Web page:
Masafumi Tomita, MD1, Shuji Saito2, Shinichiro Makimoto1, Shuntaro Yoshida3, Hiroyuki Isayama3, Tomonori Yamada4, Takeaki Matsuzawa5, Toshiyuki Enomoto6, Kyo Rika7, Kuwai Toshio8, Nobuto Hirata9, Mamoru Shimada10, Tomio Hirakawa10, Koichi Koizumi11, Yoshihisa Saida6. 1Kishiwada Tokushukai Hospital, 2Division of Surgery, Gastrointestinal Center, Yokohama Shin-Midori General Hospital, 3Department of Endoscopy and Endoscopic Surgery, Graduate School of Medicine, The University of Tokyo, 4Department of Gastroenterology, Japanese Red Cross Nagoya Daini Hospital, 5Department of Digestive and General Surgery, Uonuma Institute of Community Medicine, Niigata University Medical and Dental Hospital, 6Department of Surgery, Toho University Ohashi Medical Center, 7Department of Gastroenterology,Saiseikai Yokohamashi-Nanbu Hospital, 8Department of Gastroenterology, National Hospital Organization Kure Medical Center and Chugoku Cancer Center, 9Department of Gastroenterology, Kameda Medical Center, 10Department of Surgery, Toyonaka Midorigaoka Hospital, 11Department of Gastroenterology, Tokyo Metropolitan Cancer and Infectious disease Center Komagome Hospital
BACKGROUND: Japan Colonic Stent Safe Procedure Research Group conducted two prospective multicenter trials to evaluate the efficacy and safety of colonic stenting with two different types of self-expandable metallic stents (SEMS). We integrated the pooled data of these two trials to clarify the validity of colonic stenting as a bridge to surgery (BTS).
METHODS AND PROCEDURES: Two multicenter prospective, single-arm observational clinical trials evaluated the WallFlex Enteral Colonic Stent (Boston Scientific Corporation, March 2012 to October 2013) and the Niti-S colonic stent (TaeWoong Medical Co., Ltd., November 2013 to May 2014). Fifty-three facilities in Japan participated in these two trials. In order to share the procedure, we posted the standard methods of SEMS placement on the website, based on previously published data. As for BTS, patients were followed until discharge after surgery. Clinical success in a BTS was defined as the adequate passage of stool after stenting until surgery, without any stent-related complications and the need for endoscopic re-intervention or emergency surgery.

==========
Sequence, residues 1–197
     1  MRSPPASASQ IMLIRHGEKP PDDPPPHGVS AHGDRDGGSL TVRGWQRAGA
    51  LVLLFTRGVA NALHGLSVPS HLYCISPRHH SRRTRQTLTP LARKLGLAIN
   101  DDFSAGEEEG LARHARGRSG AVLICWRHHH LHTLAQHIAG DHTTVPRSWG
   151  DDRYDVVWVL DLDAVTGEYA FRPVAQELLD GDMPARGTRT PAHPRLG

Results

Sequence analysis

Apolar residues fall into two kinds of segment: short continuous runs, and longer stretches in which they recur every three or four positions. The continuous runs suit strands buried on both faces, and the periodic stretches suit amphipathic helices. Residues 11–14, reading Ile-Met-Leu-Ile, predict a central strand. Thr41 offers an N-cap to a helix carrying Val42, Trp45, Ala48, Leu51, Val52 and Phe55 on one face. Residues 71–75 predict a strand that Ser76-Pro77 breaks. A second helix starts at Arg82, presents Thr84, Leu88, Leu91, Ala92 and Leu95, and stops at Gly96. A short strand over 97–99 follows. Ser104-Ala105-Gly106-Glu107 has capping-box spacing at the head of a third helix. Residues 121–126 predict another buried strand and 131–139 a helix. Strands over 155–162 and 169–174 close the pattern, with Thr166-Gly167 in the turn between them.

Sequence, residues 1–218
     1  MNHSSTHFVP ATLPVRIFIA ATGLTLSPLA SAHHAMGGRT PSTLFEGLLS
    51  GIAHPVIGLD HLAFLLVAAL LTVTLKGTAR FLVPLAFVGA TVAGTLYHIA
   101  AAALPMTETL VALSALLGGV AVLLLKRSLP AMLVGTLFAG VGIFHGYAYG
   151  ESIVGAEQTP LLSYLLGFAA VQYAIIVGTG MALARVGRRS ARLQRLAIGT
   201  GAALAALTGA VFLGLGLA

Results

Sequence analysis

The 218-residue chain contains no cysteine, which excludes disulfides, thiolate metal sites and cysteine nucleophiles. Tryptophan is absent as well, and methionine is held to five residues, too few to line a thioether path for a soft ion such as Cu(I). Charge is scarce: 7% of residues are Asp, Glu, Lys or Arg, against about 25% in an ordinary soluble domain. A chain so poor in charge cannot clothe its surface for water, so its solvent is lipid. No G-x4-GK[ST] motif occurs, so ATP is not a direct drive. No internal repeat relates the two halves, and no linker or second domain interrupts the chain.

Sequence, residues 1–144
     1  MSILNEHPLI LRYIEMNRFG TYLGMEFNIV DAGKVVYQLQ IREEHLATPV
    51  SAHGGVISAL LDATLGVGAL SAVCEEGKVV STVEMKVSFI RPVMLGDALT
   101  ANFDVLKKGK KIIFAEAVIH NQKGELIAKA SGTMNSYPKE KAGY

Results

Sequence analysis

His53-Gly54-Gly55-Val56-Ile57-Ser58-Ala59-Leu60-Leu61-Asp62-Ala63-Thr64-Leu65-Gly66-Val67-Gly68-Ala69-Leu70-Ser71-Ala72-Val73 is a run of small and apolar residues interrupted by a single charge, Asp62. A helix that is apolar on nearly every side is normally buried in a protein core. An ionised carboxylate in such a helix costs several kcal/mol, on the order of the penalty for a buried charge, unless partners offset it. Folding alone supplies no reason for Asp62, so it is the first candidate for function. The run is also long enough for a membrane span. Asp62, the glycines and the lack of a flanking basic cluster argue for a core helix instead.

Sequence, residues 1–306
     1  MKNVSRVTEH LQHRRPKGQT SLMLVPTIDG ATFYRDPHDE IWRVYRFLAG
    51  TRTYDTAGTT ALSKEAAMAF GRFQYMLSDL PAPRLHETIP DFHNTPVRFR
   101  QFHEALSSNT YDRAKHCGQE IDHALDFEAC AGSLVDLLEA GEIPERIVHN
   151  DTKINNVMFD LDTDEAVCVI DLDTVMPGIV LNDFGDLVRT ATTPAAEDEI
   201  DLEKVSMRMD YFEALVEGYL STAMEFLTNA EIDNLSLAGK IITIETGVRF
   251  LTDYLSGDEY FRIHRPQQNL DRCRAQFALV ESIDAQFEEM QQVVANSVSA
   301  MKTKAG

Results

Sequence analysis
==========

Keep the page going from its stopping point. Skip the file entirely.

RESULTS: A total of 718 consecutive patients were enrolled. Eleven patients were excluded and the remaining 709 patients were evaluated as a per-protocol cohort. We performed colonic stenting as BTS for malignant colorectal obstruction in 424 (312 in WallFlex and 112 in Niti-S) patients. Technical success rate was 98.1% (416/424). Clinical success rate was 91.7% (389/424). SEMS-related preoperative complications occurred in 6.4% (27/424) of total, 7.1% (22/312) of WallFlex, and 4.5% (5/112) of Niti-S patients. Perforations occurred in 1.2% (5/424) of total, 1.6% (5/312) of WallFlex, and 0% (0/112) of Niti-S patients. Stent migration occurred in 1.2% (5/424) of total, 1.3% (4/312) of WallFlex, and 0.9% (1/112) of Niti-S patients. Open and laparoscopic surgeries were performed in 158 (39%) and 250 patients (61%), respectively. The conversion rate from laparoscopic to open surgery was 10.4% (26/250). Tumors were resected in 94.3% (400) of patients, and primary anastomosis was possible in 95.8% (383/400). Anastomosis leakage occurred in 3.9% of those patients (15/383). The stoma creation rate was 8.4% (35/407). Overall rate of postoperative complications was 17.3% (72/416), and the mortality rate was 0.4% (2/415). The median hospital stay was 12 days (range, 4–114 days).
CONCLUSION: SEMS placement was an effective BTS treatment for patients with malignant colorectal obstruction. It was a safe intervention with acceptable stoma creation and complication rate. Sharing clinical experience and methods of SEMS placement on the website will improve the safety and efficacy of SEMS.
Presented at the SAGES 2017 Annual Meeting in Houston, TX.
Abstract ID: 77750
Program Number: S046
Presentation Session: Colorectal 1
Presentation Type: Podium